Council Roundup: Councilors Disagree on Sign Task Force Role

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Raleigh Councilors this week disagreed with how a newly formed task force will be handling issues with the current sign ordinance.

While Mayor Nancy McFarlane said the group’s focus will be on the procedural issues and issues related to signs inside of windows, Councilor Bonner Gaylord said the group should also put together a report of other issues with the law that come up during discussions.

“I don’t think we have the staff and the ability to look at the whole sign ordinance right now,” McFarlane said.

The Mecca restaurant sign downtown.

Karen Tam / Raleigh Public Record

The Mecca restaurant sign downtown.

Councilors will continue to nominate people for the 10-person task force for the next week. Then, Councilors Wayne Maiorano, Gaylord and Thomas Crowder will work together to form the official committee.

Gaylord said the group doesn’t have to fully discuss all of the problems, but the group should be able to bring back a report that the Council can act on later.

“We can decide on whether to act on them or act on specific ones,” he said.

“I think that’s opening up the whole sign ordinance, and I have a problem with that, too,” said Crowder. “Our sign ordinance has served us extremely well.”

Councilor John Odom, who staunchly opposed the city’s sign ordinance for years, said the entire law needs to be reviewed. Odom said he gets complaints about the ordinance every day.

“We haven’t done this in 30-some years,” Odom said.

Gaylord said the entire Council is going to have a problem if they refuse to listen to the feedback from the community.

“We should at least gather the information,” he said.

McFarlane said she wants to hear if there are issues that come up consistently, but worries that asking for input may set up false expectations that the entire law will be reviewed and revamped in the near future.

Councilor Russ Stephenson suggested a two-step process: First, a discussion of the issue initially assigned to the task force, which is the permit process and signs in windows. Then, the Council could decide how much time they have to commit to the second list of issues that may come out of the discussion.

Tree Ordinances Could be in Jeopardy
Raleigh’s tree ordinances could be in jeopardy if proposed state legislation makes its way through the approval process.


Hide Terada / Raleigh Public Record

File 2012: The sunset view of the federal building near St. Augustine’s College.

The draft legislation was recommended by the Agriculture and Forestry Awareness Study Commission for introduction during the N.C. General Assembly’s short session, which begins this month.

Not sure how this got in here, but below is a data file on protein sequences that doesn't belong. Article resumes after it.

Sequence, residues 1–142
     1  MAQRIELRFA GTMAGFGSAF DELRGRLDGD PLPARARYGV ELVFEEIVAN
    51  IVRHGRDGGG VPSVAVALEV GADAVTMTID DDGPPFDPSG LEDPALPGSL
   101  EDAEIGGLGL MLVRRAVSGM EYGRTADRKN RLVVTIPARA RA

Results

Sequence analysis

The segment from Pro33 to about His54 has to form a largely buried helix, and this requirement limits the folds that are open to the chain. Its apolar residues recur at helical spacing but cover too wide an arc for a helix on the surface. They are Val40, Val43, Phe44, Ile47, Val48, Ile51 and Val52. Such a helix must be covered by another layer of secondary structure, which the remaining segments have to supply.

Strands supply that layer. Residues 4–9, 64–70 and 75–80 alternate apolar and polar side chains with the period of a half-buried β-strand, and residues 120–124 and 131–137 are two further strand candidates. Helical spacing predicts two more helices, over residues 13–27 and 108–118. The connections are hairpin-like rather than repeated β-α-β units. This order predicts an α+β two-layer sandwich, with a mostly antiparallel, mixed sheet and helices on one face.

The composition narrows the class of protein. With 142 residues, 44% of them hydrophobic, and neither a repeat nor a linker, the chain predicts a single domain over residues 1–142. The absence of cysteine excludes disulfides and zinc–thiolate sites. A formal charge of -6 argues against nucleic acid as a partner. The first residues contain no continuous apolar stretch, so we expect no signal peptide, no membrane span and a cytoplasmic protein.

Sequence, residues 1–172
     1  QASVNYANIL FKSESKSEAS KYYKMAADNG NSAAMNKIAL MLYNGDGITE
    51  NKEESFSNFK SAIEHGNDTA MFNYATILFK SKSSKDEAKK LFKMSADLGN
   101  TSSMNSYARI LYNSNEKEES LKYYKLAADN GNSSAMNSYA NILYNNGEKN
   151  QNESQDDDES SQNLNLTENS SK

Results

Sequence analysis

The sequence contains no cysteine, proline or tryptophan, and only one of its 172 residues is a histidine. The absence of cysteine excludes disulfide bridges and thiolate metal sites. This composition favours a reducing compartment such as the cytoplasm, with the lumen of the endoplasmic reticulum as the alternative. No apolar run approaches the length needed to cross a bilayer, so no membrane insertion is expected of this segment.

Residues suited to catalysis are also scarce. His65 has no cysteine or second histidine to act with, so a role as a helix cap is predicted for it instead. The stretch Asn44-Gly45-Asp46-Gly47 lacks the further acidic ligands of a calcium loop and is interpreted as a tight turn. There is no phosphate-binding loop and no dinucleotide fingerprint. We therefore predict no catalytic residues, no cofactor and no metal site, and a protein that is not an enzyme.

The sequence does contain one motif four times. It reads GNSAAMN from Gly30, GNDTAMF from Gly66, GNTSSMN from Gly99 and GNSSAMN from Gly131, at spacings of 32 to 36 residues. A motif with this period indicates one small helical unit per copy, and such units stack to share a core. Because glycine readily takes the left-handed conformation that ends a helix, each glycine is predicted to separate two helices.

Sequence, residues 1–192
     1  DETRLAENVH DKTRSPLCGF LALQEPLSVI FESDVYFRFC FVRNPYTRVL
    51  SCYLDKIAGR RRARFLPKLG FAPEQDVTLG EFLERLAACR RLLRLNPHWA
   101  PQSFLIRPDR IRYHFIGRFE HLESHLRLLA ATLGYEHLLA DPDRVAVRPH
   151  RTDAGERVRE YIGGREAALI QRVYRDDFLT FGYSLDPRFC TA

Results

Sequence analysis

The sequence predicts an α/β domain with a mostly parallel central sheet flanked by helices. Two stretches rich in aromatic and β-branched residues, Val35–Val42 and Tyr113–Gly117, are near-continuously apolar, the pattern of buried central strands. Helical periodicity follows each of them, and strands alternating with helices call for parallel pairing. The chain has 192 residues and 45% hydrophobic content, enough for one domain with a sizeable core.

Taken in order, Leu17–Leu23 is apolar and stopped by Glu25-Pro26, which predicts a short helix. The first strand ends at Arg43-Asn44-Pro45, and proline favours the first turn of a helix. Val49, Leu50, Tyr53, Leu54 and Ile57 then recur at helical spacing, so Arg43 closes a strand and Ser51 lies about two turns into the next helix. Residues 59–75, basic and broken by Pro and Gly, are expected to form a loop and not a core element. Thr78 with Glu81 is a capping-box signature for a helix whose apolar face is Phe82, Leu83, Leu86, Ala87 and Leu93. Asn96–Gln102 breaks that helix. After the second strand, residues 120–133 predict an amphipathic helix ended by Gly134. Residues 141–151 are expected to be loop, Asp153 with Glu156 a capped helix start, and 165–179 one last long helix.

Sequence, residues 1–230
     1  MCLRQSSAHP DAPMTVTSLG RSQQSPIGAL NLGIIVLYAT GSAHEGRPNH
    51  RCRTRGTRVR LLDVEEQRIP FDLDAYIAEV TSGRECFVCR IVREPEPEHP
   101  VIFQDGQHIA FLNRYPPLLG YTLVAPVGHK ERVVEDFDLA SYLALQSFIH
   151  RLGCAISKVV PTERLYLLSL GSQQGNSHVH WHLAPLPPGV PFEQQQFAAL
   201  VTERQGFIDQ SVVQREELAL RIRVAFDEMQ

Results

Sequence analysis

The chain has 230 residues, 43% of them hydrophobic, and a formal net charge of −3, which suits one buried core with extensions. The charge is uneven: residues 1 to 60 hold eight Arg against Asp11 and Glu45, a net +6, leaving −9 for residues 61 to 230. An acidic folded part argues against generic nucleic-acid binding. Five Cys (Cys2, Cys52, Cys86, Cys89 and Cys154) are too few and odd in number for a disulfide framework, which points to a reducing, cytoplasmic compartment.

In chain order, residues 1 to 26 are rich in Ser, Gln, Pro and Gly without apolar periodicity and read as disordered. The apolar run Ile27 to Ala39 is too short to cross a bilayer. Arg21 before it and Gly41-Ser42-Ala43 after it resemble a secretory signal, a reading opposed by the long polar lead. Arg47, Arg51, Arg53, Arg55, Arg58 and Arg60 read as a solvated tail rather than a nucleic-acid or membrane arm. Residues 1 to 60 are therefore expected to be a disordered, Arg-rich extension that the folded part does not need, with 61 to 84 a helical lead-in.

If approved, the law would remove the city’s authority to regulate trees on private property. The city requires tree conservation for properties that are more than two acres and those in watershed protection districts. In some cases, the city also requires the planting of trees that act as buffers between properties.

The Council gave City Attorney Tom McCormick the go-ahead to reach out to the city’s delegation at the state legislature to try to stop the law from being introduced.

Eighth Contract Amendment for Forest Ridge Park

Councilors approved the eighth design contract amendment for Forest Ridge Park. The additional $34,658 will be used to pay the consultant to comb through the state building code and make sure that the design meets all the current regulations and make any necessary changes.

The joint project between the city and the state has been delayed because of city, state and federal lease negotiations. The park itself is located in the federally owned Falls Lake area.

The project contract underwent seven other amendments since 2009 for a total of about $539,000 in unforeseen costs.

New Seaboard Station Drive Parking Restriction
If you’re one of the people that park a car on Seaboard Station Drive, your free, all-day parking days are numbered.


Leo Suarez / Raleigh Public Record

Councilors Tuesday approved a two-hour time limit on the short block that connects Peace Street and Seaboard Avenue. The change came at the request of Big Daddy’s Burger Bar and York Properties, who would like to see some more turnover.

Crowder asked that the public works department take a look at possible safety hazards of the direct pull-in parking on Seaboard Avenue.

“I myself have almost gotten hit going through there with people pulling out,” Crowder said.

Road Races Approved
Race: WakeMed 5K and 10K Scrub Run
Location: Downtown
Length: 5K and 10K Road Race
Date and Time: June 21 from 3 a.m. until 3 p.m.
Attendees: Not specified

Race: Monster Dash 5K
Location: Clark Avenue near Oberlin Road
Length: 5K
Date and Time: Oct., 26 from 1 to 6 p.m.
Attendees: 1,200

Race: Raleigh’s Finest 5K
Location: Downtown
Length: 5K
Date and Time: July 26 from 7:30 to 10:30 a.m.
Attendees: 400

Race: Youth Triathlon
Location: Kerr YMCA, Sycamore Grove Lane
Length: Varied
Date and Time: Aug. 10 from 6:45 to 11 a.m.
Attendees: 200

Race: 9th Annual Youth Triathlon
Location: A.E. Finley YMCA, Baileywick Road
Length: Varied
Date and Time: Aug. 24 from 7:30 a.m. until 11:00 a.m.
Attendees: 225

Race: RunRaleigh Rock’N Rebellion Half Marathon
Length: Half marathon
Date and Time: Oct. 5 from 7 a.m. until 10:30 a.m.
Attendees: 600

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